Friday, June 25, 2010
John William Waterhouse - The Love Philtre
inscribed and signed on the reverse: The Love Philtre. J.W. Waterhouse
oil on canvas
58.5 by 45.5cm., 23 by 18in.
Lot Sold. Hammer Price with Buyer's Premium: 70,850 GBP
Anthony Hobson, The Art and Life of J.W. Waterhouse RA, 1980
Peter Trippi, J.W. Waterhouse, 2002
The present picture was identified by Dr Anthony Hobson in his catalogue raisonnee of
1980 as The Love Philtre and dated c.1914. A pencil inscription on the reverse of the
present picture confirms the title. It is likely, however, that this picture was painted c.1907 as it appears to relate more directly to the female figure in Jason and Medea exhibited that year (FIG 1. sold in these rooms, 15 June 2000, lot 46).
Two variant sketches for the same figure are known (private collection and another sold in these rooms, 15 March 1983, lot 74) and suggest that Waterhouse originally intended to paint Medea alone and that the addition of Jason came at a later stage.
In classical mythology the sorceress Medea was the daughter of King Aeetes of
Cholchis to whose kingdom the hero Jason and his Argonauts travelled in search of the
treasured Golden Fleece. Medea used her magical skills to make a potion for Jason,
with whom she had fallen in love, to imbue him with invulnerability and superhuman
power during his imperiled and terrifying quest for the fleece.
From the early 1890s Waterhouse concentrated increasingly upon subjects from
mythology, painting a striking series of pictures that are among the most compelling
and darkly beautiful of all Victorian paintings. Among the most important mythological pictures of this period were Ulysses and the Sirens of 1891 (National Gallery of Victoria, Melbourne), Hylas and the Nymphs of 1896 (Manchester City Art Gallery), Flora and the Zephyrs of 1898 (sold in these rooms, 6 November 1996, lot 307) and Echo and Narcissus of 1903 (Walker Art Gallery, Liverpool). The sorceress subject had first been painted by Waterhouse in 1886 in The Magic Circle (Tate Britain) and in 1891 he painted his first potion-themed picture depicting a beautiful witch holding aloft a magical liquid in Circe Offering the Cup to Ulysses (Oldham Art Gallery). The motif continued in 1892 when he painted Homer's sorceress again, enchanting the sea with lurid green poison in Circe Invidiosa (Art Gallery of South Australia, Adelaide).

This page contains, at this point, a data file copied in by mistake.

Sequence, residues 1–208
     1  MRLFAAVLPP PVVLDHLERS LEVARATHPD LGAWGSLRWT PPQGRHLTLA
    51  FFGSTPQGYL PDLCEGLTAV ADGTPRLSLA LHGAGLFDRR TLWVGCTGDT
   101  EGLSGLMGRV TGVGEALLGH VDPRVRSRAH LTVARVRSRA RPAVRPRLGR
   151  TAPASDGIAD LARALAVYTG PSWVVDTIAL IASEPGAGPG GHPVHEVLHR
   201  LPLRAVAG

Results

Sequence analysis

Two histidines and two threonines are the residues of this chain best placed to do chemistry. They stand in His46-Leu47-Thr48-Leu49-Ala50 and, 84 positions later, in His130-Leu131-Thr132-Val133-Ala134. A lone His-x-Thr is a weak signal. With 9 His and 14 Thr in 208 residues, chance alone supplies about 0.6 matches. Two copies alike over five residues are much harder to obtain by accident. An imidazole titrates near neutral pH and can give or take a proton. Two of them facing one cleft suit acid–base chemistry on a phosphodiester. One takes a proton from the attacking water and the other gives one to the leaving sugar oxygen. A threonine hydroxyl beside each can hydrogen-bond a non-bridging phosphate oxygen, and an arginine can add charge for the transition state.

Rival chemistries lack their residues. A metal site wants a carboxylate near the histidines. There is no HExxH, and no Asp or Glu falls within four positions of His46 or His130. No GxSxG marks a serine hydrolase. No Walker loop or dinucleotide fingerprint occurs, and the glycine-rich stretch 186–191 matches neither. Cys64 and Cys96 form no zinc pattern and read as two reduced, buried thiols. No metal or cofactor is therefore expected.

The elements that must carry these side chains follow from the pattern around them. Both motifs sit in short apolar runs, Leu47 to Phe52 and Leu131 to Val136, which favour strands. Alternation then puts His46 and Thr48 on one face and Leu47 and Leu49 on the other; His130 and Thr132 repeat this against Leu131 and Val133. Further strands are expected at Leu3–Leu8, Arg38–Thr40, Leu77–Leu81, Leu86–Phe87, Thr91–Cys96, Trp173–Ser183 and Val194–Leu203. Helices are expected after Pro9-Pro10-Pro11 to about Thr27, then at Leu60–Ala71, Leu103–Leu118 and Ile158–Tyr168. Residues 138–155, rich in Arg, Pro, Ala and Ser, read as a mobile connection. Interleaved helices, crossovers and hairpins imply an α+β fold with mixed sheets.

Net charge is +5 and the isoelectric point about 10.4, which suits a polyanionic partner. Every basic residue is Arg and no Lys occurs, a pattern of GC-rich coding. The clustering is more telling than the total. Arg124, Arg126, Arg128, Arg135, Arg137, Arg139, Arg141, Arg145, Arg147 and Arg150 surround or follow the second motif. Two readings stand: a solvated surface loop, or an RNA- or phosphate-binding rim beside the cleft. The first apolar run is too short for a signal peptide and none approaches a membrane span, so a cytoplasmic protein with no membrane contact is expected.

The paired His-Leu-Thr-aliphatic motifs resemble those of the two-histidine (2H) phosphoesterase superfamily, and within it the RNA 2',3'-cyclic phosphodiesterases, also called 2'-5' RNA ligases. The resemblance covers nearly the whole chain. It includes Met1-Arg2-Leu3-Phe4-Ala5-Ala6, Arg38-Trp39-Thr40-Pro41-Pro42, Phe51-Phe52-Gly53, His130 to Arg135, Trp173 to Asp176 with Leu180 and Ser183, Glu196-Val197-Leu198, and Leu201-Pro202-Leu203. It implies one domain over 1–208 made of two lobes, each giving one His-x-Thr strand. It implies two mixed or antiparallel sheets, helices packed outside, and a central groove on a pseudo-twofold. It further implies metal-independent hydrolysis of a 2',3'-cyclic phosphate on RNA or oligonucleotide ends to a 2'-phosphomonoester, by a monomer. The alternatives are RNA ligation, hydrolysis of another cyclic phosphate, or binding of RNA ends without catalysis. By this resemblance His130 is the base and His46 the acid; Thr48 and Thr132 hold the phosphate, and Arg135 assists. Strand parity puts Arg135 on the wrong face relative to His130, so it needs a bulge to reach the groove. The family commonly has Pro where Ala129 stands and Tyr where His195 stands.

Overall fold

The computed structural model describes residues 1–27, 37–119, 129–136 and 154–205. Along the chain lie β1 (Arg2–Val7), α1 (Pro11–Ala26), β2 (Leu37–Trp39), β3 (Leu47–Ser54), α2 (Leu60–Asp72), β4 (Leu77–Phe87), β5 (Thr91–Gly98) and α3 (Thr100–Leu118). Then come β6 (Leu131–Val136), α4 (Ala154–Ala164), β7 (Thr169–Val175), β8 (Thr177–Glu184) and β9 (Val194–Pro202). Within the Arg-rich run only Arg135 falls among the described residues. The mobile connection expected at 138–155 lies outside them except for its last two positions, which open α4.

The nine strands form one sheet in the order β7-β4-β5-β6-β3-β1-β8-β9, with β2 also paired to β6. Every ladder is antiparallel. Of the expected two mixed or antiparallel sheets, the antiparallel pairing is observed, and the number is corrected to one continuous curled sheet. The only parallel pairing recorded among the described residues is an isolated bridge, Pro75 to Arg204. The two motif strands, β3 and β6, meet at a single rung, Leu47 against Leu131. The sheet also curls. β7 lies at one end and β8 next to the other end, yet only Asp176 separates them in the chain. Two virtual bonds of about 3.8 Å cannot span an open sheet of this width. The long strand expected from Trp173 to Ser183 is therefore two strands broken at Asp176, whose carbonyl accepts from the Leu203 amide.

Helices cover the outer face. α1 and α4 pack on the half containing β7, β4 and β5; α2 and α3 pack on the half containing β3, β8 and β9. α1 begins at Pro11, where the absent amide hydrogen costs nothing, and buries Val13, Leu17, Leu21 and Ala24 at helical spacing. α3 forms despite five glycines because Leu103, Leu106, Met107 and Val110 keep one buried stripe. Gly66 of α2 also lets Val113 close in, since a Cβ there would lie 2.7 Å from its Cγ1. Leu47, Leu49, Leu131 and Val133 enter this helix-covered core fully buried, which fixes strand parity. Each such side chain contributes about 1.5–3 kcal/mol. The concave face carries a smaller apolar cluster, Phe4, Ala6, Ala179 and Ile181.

Medea was a favourite subject for nineteenth century painters. Notable depictions
include those by Frederick Sandys of 1868 (Birmingham Museum and Art Gallery),
Valentine Cameron Prinsep of 1888 (Art Gallery of South London) and Waterhouse's
friend Herbert Draper, who painted a dramatic image of Medea and Jason's departure
from Colchis in his 1904 work The Golden Fleece (Bradford City Art Gallery). In Europe the subject of female sorcery also had innumerable artistic supporters, finding its zenith with Symbolist artists like Gustave Moreau, Fernand Khnopff and Gustave Klimt who made Medea one of their queens of decadence, sexuality and exoticism. Thus, Waterhouse's images of magic and mythology can be regarded in a wider European context.
In the present work Waterhouse has laboured first and foremost to convey the wistful
charm and psychological intensity of his subject at the pivotal moment in a private
drama as she pauses and ponders all that is about to transpire.
Labels: John William Waterhouse
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